For Susie Atkinson, July 8th had gotten off to an auspicious start. That morning, her Nike + told her she had run her fastest mile yet around Prospect Park, her Rogan jeans didn’t feel tight, and the Mario Badescu Drying Lotion was really working wonders on her complexion. In other words: all was in place for her big meeting. Atkinson, a 25-year-old Park Slope resident, had a meeting with a Neiman Marcus jewelry buyer who was interested in her line of jewelry, which is described on her website as “bracelets and lockets engraved with passages from such noted poets as W.H. Auden and K. Cobain featuring conflict-free raw diamonds and available in both 18-karat gold and platinum.”

Kitty Ingram, the jewelry buyer, had requested to meet with Atkinson in person. “With such young, edgy designers, we really like to get a feel for where they come from—the streets they walk on, the people who inspire them,” she said, while lighting a Merit menthol cigarette. But for Atkinson, her apartment was out of the question. “I don’t really have a living room and to get to the kitchen to sit down, Kitty’d have to walk through my roommate’s room and she has black sheets, so that’s out.” So Atkinson asked Ingram to meet her at her local coffee shop, Gorilla Coffee. 

There was only one problem. The new album, Nude With Boots, by Seattle band The Melvins had come out that same day and Matt Irwin, a Gorilla employee, had downloaded it that morning via a particularly well seeded torrent found on Mininova. Atkinson walked into the 5th Avenue coffee shop just as a song called “Suicide in Progress” was playing. “It was loud and, like, really weird,” she says. “It would not do for 10 in the morning. It would definitely not do for Neiman Marcus.” 

To be sure, coffee shops in Brooklyn and beyond have long been known for the lively and unpredictable music played—an idiosyncratic soundtrack that may run contrary to the time of day or personal tastes of many of its clientele. But Atkinson decided the day was too important to her and she needed to take measures into her own hands. “I wasn’t even thinking about it. I just walked over to the guy behind the counter with the plaid shirt and discs in his ears,” she says, referring to Irwin. “And I asked him if I could give him $20 to turn it off.”

"Yeah, I took it. I didn’t want to listen to Donna Martin harshing me out and whining about the music all morning," says Irwin, comparing Atkinson to a virginal character played by Tori Spelling on the popular 1990s drama Beverly Hills, 90210. "She offered me another 20 bucks if I’d put on MGMT, but I was all, ‘No way, Lady, you can buy me, but you can’t buy my musical standards.’ So I put on Architecture in Helsinki and called it a day." 

In the end, everyone was victorious: Atkinson was pleased with the upbeat music, Ingram was pleased with the line, and Irwin was pleased when they both left, so he could resume listening to his favorite band.

In the Hamptons, It’s a Normal Summer—With a French Twist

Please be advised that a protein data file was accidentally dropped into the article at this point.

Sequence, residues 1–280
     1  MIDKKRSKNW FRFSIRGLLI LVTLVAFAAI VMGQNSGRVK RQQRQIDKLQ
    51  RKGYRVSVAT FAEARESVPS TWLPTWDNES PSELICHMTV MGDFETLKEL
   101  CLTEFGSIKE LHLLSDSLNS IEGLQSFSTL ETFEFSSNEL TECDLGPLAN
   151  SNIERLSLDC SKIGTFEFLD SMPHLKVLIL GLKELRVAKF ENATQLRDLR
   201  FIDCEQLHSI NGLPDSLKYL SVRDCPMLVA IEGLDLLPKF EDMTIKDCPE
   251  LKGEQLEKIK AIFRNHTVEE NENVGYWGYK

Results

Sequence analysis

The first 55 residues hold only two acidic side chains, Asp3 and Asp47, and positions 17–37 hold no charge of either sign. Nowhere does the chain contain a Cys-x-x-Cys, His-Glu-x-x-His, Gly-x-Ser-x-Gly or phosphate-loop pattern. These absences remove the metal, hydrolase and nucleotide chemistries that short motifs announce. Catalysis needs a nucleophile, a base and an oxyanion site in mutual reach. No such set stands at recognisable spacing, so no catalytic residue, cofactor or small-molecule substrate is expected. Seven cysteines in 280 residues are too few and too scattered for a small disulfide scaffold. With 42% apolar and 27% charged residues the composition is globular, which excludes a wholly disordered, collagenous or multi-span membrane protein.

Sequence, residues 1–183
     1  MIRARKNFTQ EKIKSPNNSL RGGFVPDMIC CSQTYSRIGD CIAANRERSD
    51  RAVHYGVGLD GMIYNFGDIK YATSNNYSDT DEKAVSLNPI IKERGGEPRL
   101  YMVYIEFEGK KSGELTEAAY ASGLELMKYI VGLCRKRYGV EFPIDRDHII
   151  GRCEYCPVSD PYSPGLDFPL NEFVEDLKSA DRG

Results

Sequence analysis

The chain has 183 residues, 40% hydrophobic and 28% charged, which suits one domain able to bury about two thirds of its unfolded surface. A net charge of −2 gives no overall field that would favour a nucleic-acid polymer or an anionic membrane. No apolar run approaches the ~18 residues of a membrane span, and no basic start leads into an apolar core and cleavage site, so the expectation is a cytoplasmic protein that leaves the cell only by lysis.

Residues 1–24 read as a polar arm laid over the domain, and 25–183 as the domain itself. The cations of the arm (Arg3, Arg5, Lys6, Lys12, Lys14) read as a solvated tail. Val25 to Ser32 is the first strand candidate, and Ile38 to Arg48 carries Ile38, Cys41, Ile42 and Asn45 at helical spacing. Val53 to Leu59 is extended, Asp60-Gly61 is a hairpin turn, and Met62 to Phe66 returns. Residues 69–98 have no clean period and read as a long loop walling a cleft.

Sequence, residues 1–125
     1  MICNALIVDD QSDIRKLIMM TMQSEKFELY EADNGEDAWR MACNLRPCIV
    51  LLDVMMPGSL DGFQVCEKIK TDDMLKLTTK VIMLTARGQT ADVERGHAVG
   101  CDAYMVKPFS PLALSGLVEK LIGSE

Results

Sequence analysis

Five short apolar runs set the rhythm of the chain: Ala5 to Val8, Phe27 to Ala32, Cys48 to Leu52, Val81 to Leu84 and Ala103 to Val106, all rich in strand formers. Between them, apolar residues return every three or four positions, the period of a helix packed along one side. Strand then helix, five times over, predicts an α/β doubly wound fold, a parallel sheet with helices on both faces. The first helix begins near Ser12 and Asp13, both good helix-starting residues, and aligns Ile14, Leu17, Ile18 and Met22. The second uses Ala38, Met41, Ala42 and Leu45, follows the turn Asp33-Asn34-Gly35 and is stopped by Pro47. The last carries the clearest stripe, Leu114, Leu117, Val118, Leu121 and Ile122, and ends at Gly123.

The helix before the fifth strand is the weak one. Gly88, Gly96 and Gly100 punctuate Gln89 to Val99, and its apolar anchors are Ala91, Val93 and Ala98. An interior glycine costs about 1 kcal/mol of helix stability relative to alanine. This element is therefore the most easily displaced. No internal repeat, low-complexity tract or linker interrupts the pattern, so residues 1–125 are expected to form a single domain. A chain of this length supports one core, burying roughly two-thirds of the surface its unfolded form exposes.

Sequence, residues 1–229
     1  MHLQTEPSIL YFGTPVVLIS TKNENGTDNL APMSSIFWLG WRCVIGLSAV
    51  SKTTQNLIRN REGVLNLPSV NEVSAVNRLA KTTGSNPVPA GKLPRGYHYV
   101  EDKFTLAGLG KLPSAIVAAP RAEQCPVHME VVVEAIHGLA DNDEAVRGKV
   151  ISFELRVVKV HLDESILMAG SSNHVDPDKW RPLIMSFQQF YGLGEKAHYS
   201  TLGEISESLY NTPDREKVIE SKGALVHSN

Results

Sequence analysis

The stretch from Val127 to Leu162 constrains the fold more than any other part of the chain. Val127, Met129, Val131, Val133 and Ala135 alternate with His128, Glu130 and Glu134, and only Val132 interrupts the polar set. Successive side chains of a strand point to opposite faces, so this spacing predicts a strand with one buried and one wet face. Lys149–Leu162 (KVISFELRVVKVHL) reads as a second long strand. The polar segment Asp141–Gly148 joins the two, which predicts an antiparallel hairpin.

After her Saturday morning workout, Melissa Nardone was picking up her usual Buff Monkey smoothie at the Soup Man restaurant in Hampton Bays. As the counter girl, Jessica Russo, 15, handed over the frothy strawberry-and-banana concoction, Ms. Nardone said brightly, “Enchanté!” With that she swiveled on her flamingo-tinted Nike’s and walked out to her silver Hyundai Santa Fe. Ms. Russo watched her go, shrugged her shoulders, and started to rinse the blender.

One can’t blame Ms. Russo for being puzzled over this eruption of French in the middle of her work day. But she might want to upload Yahoo!Babelfish (a free on-line translation service) before too long, as la jolie langue de Paris (“the pretty language of Paris”) has clearly arrived to stay among the well-heeled habitués of the Hamptons.

Of course the Hamptons have never been completely free of French influence. Ever since the potato fields were ploughed back to make room for the power-brokers, Europeans, including the French, have visited and found much to like in the wide, sandy beaches, vegetable stands and exclusive nightspots. And when a Syosset woman was fined for topless sunbathing on Westhampton Beach in 1981, it’s very possible she was simply doing as she heard the French have done for generations. And the Beatles, of course, wrote and sang their 1966 hit song “Michelle” almost entirely in French. But this summer in the Hamptons, it seems one cannot even pick up a smoothie without hearing the mother tongue of Matisse.

Tracked down a few blocks away at a stop-light, Ms. Nardone pulled off the side of the road to discuss the trend.

"At first I thought you were a cop," she said, pushing her long raven hair from her eyes.

She was asked when she had begun seasoning her conversation with Gallic spice.

"Well the other night my friend Cameron and I Netflixed that Ethan Hawke movie, Before Sunset – that’s the one that’s like a sequel to Before Sunrise, with that blonde cute  French actress, Julie Delpy, in it,” she said as the traffic on Montauk Highway whizzed past. “And they were in Paris and so she meets this other guy at a fancy party she says `Enchanté!’" (pronounced ON-SHANT-AY).

Had Ms. Nardone noticed if the approach of Bastille Day on July 14 had further plumped the saucisson (editor’s note: a large, cured French sausage of ground pork flavored with garlic) of Summer 2008?

"I’m a vegan," she said, glancing nervously at her car. "I mean, mostly  — I still like chicken."

Ms. Nardone said she was late for something and slid back behind the wheel, the back tires spinning a bit in the roadside gravel as she gunned the engine. At least one observer could have sworn he heard a jaunty “A bientot!” (“See you soon!”) as she sped away.